We often come to a job after an emergency repair has been made. Marlon worked in a similar situation at the Ritz-Carlton Millennium residences. The maintenance staff had to quickly fix a ceiling leak. In order to do so, they cut the ceiling sheetrock along its seam, leaving a small hole.
Unfortunately, the edge of this hole was right next to the sprinkler head. We use mesh tape and an appropriate joint compound to attach the new pieces of sheetrock to the repair edges. As part of our best practices, we thoroughly sand the mesh tape, compound and sheetrock to create a glass-smooth surface. However, this process creates dust. The location of the edge of the hole is important as it determines where the dust will be. If the edge of the hole is next to the sprinkler, the dust is sure to get into the sprinkler sensors. Dust and sprinklers are never a good combination. Dust particles can easily set off a sprinkler system as they are incredibly sensitive. To add to the problem, they usually cannot be shut off one unit at a time.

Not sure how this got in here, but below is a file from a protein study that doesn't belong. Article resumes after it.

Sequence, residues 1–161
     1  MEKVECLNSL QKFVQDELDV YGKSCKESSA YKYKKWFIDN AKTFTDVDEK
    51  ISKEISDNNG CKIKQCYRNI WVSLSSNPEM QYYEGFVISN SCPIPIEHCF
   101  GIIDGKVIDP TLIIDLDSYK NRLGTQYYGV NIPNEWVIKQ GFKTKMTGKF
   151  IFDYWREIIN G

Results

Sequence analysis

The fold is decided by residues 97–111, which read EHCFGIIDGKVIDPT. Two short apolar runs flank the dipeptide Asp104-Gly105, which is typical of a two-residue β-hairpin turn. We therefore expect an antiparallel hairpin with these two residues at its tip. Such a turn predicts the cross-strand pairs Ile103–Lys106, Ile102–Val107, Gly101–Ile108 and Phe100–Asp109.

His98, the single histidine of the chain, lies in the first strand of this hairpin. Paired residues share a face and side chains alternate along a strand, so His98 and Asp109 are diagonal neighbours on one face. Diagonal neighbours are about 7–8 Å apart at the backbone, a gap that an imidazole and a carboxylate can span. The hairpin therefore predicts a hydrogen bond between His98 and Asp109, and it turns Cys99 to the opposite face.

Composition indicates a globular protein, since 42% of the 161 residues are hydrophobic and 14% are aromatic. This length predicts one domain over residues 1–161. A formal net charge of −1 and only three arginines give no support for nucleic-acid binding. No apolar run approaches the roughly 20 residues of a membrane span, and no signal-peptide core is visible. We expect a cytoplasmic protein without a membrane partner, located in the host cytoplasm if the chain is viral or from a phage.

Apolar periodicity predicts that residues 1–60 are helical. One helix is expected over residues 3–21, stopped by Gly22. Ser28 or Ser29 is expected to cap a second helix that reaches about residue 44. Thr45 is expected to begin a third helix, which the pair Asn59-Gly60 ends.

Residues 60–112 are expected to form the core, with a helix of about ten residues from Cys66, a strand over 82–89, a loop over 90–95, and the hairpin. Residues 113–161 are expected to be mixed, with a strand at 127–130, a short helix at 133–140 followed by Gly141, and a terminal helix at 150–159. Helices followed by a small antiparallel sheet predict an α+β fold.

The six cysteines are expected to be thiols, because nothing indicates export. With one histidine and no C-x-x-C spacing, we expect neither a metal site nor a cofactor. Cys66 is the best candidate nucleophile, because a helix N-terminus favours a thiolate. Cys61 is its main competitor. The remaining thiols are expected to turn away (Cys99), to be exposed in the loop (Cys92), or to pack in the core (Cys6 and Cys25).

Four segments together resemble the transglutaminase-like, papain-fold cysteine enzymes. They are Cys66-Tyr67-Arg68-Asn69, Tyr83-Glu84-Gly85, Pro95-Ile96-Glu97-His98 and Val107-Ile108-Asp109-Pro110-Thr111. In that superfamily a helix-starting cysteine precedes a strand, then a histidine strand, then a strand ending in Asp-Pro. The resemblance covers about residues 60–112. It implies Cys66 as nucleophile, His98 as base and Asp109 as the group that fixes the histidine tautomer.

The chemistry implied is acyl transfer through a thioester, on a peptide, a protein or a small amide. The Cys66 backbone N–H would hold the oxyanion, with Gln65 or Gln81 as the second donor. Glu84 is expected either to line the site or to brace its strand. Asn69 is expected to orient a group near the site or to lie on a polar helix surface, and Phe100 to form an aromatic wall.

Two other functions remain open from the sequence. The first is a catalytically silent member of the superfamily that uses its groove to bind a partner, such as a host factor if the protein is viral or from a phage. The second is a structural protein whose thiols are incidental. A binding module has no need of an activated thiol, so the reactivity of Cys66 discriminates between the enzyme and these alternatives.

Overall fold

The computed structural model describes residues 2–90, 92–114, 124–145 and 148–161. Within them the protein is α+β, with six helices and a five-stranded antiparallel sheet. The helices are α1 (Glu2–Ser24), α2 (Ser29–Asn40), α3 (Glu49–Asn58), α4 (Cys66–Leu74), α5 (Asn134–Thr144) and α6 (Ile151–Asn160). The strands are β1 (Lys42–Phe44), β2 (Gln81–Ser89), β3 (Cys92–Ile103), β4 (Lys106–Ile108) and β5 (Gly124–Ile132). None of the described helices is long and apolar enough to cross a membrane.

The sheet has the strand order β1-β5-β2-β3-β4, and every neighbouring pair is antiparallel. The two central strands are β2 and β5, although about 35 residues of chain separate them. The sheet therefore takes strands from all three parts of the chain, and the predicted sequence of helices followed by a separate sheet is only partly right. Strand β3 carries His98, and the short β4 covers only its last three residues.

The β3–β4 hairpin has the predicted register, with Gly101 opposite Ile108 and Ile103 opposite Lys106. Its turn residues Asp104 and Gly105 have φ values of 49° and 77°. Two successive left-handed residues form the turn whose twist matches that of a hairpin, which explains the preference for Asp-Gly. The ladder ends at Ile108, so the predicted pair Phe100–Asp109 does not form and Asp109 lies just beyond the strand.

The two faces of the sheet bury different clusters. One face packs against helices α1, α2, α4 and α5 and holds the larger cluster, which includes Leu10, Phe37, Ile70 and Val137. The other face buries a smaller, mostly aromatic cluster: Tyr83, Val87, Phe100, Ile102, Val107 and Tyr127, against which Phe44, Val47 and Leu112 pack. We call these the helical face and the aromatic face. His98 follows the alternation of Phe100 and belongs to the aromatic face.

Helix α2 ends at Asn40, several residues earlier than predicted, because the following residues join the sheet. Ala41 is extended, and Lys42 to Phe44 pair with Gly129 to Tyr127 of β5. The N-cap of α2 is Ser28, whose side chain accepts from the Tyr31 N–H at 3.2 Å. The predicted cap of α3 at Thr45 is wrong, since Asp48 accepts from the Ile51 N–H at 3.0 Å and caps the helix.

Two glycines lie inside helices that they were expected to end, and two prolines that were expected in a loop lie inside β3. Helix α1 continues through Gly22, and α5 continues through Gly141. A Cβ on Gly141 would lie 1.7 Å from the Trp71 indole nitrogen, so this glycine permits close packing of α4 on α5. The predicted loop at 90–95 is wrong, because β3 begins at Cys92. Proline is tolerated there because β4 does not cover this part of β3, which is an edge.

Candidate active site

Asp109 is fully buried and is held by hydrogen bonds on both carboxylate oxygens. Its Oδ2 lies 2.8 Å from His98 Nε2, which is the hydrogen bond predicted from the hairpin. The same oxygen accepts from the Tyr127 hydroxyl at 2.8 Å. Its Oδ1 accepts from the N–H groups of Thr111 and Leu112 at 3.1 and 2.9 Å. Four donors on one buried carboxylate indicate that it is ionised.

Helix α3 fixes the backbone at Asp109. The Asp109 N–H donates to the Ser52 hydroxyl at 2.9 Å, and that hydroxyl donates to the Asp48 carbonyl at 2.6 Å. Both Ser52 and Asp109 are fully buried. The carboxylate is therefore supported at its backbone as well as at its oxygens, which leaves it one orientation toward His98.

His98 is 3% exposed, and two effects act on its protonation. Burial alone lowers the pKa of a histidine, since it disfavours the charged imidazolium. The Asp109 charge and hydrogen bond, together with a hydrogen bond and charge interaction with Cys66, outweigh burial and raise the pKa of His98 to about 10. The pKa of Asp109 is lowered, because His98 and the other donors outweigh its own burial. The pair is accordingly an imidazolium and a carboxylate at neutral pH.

After assessing the situation, Marlon decided that the most workable solution was to cut an even bigger hole. Of course, that sounds scary, but it was the best way to avoid more water leaks and damage.
The new hole put the sprinkler head in the middle of the repair area rather than along a seam or edge of the cut sheetrock where he would be working and stirring up dust. Centering the sprinkler allowed Marlon to place the mesh tape and compound along the perimeter of the repair far away from the sprinkler. Marlon’s decision allowed him to keep the dust from floating into the sprinkler’s sensors. Using the right kind of compound and strategically planning out the steps allowed him to install the new sheetrock, patch, and paint the ceiling all in one day. A combination of a good solution and best practices worked wonderfully by keeping the cost down and reducing our time in the client’s home to only one day.